Thanksgiving Day, as we know it now, did not originate with the Pilgrims, though we have through the years romanticized that connection. It is a good story and worthy of romanticizing. Native Americans welcomed and helped the first refugees (Pilgrims) who came to these shores in 1620. Without this aid the Pilgrims would not have survived their first winter. There was no Statue of Liberty then, nor had the words now inscribed on the statue been written. Even so, 91 Native Americans, by their actions, seemed to say:
Give me your tired, your poor,
Your huddled masses, yearning to breathe free,
Send these, the homeless, tempest tost to me,
I lift my lamp beside the golden door.
The Pilgrims invited the gracious Wampanoag to join them in a celebration of thanksgiving—a feast that lasted for three days in the autumn of 1621.
While there were occasional thanksgiving celebrations dating back to the early days in Virginia and Massachusetts, there was no established tradition, nor were these by any means national celebrations. It was only in 1863 that President Abraham Lincoln inaugurated Thanksgiving as we know it now, and this has been continued by all presidents to the present time.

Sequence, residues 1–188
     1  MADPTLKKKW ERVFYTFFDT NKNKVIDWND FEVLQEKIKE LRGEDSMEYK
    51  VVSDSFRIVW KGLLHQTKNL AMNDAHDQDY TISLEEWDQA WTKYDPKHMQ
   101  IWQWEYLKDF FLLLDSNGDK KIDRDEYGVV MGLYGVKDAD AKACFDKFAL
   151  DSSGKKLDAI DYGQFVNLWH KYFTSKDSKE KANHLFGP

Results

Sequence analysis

The first National Thanksgiving Proclamation of 1863 suggested that the people focus on “the Most High God, who, while dealing with us in anger for our sins, hath nevertheless remembered mercy.” The people are called, in this Proclamation, not only to give thanks for “singular deliverances and blessings,” but also to “humble penitence for our national perverseness and disobedience.” It asks the people to “commend to His tender care all those who have become widows, orphans, mourners or sufferers in the lamentable civil strife in which we are unavoidably engaged, and fervently implore the interposition of the Almighty Hand to heal the wounds of the nation and to restore it as soon as may be consistent with the Divine purposes to the full enjoyment of peace, harmony, tranquility and Union.”
Our National Thanksgiving tomorrow should include “humble penitence for our national perverseness and disobedience,” as well as giving thanks for “singular deliverances and blessings.” Our thanksgiving prayers should include our fervent imploring for “the interposition of the Almighty Hand to heal the wounds of the nation and to restore it as soon as may be consistent with the Divine purposes to the full enjoyment of peace, harmony, tranquility and Union.” Our Thanksgiving tradition must include the Proclamation of 1863 just as it does the Pilgrim feast of 1621.